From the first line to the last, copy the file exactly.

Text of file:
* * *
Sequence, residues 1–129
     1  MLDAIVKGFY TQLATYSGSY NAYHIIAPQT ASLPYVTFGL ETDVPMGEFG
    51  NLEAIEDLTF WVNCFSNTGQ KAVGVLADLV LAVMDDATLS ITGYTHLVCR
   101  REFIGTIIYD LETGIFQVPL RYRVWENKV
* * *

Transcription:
Sequence, residues 1–129
     1  MLDAIVKGFY TQLATYSGSY NAYHIIAPQT ASLPYVTFGL ETDVPMGEFG
    51  NLEAIEDLTF WVNCFSNTGQ KAVGVLADLV LAVMDDATLS ITGYTHLVCR
   101  REFIGTIIYD LETGIFQVPL RYRVWENKV